2017 Sweetgrass Festival a Dedication to the Past, Present and Future of Gullah Geechee

Sweetgrass baskets handwoven by William “Danny” Rouse

By Damion Smalls

The Sweetgrass Cultural Arts Association’s annual late spring commemoration of Gullah Geechee’s rich legacy was a sunny day filled with kindred spirits, joy and the spread of knowledge guided by the ancestors. Once again held at Mount Pleasant Memorial Waterfront Park, the event engrossed attendees by putting the spotlight squarely on the storied African-descended civilization that continues to play a vital role in Charleston’s identity.

Running concurrently with the festival on June 3, the East Cooper Civic Club presented the 2017 Gullah Geechee Seminar on the same grounds, in the Cooper River Room. The seminar served as an empowerment series that sought to educate anyone interested on issues most important to the Gullah Geechee populace. Barbara Collier moderated the informative gathering that featured topics such as land ownership, both physical and mental health, education and family. Focus: Med Pharmacy & Wellness owner Dr. Krisalyn Gleaton, clinical psychologist Dr. Khalia Fordham and Dr. Chanda Brown were among the healthcare professionals leading conversations through engaging lectures in the Cooper River Room. Attorney Willie Heyward of the Heirs Property Law Center advised the seated audience on land taxes, local gentrification and preserving Gullah Geechee heritage.

Barbara Collier (standing) speaking at the Gullah Geechee seminar

The assembly of vendors at the festival extended a myriad of products to intrigued consumers that represented numerous facets of the Gullah Geechee culture. Artist Corey Alston showed off his unique talents with his combination of eye-catching photography and sweetgrass basket weaving. Among the dozens of authentic sweetgrass basket makers at the festival, Marilyn Dingle’s handwoven classics were prominently displayed. Handmade ceramic offerings courtesy of Charleynes Artisans varied from animals to the famed robot R2-D2 from the Star Wars franchise. Gullah Dolls of Charleston by Genya and Sew Exquisite both fashioned their own cotton versions of miniature brown girls in luxuriously bold dresses, though Sew Exquisite’s dolls also serve as air fresheners. Other Gullah themed products, such as books, jewelry, dashikis and home decor items were for sale as well.

Sew Exquisite’s air freshener dolls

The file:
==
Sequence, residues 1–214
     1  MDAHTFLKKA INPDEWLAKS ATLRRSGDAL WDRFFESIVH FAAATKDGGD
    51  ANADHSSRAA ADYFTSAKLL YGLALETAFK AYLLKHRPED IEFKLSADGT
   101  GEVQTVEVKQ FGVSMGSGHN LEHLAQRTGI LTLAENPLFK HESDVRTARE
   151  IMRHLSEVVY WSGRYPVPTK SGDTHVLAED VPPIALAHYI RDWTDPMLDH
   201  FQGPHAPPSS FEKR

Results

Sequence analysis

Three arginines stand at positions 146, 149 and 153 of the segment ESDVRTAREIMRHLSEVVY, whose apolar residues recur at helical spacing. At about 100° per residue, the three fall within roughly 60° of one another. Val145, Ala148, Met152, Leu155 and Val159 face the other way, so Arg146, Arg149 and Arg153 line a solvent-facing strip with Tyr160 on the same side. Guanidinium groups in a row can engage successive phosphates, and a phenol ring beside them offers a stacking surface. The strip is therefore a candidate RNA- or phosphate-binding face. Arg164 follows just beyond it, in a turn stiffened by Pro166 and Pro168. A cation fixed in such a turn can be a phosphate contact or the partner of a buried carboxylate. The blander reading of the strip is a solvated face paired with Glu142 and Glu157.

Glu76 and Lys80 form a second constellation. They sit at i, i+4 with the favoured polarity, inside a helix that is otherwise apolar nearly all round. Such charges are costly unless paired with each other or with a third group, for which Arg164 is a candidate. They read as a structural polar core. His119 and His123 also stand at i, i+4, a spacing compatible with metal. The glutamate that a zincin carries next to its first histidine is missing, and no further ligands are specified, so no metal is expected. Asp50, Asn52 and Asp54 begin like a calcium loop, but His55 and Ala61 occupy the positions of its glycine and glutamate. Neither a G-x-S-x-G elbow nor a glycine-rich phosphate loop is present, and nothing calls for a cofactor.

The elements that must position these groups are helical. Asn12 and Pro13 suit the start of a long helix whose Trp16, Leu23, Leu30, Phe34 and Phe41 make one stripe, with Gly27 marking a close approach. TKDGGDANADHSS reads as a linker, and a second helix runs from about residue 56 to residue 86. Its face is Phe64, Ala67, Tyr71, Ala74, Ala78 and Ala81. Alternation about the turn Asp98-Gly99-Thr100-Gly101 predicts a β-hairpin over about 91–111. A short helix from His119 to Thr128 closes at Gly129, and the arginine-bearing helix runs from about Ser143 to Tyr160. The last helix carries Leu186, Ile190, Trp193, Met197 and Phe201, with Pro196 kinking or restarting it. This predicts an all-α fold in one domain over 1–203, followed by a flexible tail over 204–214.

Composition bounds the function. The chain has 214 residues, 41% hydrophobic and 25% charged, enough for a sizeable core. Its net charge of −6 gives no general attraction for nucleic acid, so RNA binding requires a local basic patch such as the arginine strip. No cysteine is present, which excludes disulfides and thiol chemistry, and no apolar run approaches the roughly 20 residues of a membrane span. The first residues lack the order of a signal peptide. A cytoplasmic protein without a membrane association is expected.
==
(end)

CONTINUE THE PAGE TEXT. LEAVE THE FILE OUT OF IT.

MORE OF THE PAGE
Storytelling, dancing and gospel singing were highlights of the festival’s schedule of live performances.  Inside the Sweetgrass Cultural Arts Pavilion, basket-making sessions and the Flower Goddess Workshop helped to keep attendees of all ages occupied. The park’s popular playground, Lego building stations and jump castles provided energy-abundant children with plentiful choices of mirth.

Local organizations on hand offering their support and worthy profiles included the Charleston County Public Library, the Children’s Museum of the Lowcountry, the College of Charleston’s Avery Research Center for African American History and Culture and the SC Aquarium.

The impact that the Gullah Geechee people have had on local cuisine refuses to go unnoticed. Their influence and ingredients can be easily distinguished on most Charleston-based menus. There were no shortage of options as the Lowcountry’s renowned culinary staples were well represented at the festival. Chucktown Seafood Cafe’s Kevin ‘Frydaddie’ Greene of North Charleston, ‘James Brown’s Famous Boiled Peanuts’ of Summerville and “We Island” Gumbo architect Chef Rowland Washington of St. Helena Island added their specialities the impressively Carolinian lineup of Gullah rice, fried crabs, grilled meats, bread pudding, alligator bites and much more.

This free event attracted a diverse crowd to Mount Pleasant. Families, comprising of several different races, beliefs and backgrounds matriculated throughout the park from 9am to 4pm on the first Saturday of June with similar hopes to take part in one of the area’s more seminal events. The day served its purpose to raise positive awareness towards the Gullah Geechee people with respect.

Though ubiquitous to much of the area’s Black population, the culture is currently gaining mainstream acceptance nationwide while being slowly destroyed at the same time. While Charleston County teachers will be trained to understand the language in time for the 2017-2018 school year, once predominately Black-owned lands are steadily being developed and taken away from its citizens up and down the Southeastern coast. For more information on Gullah Geechee and the Sweetgrass Cultural Arts Association, visit www.sweetgrass.org or email: [email protected]etgrass.org.

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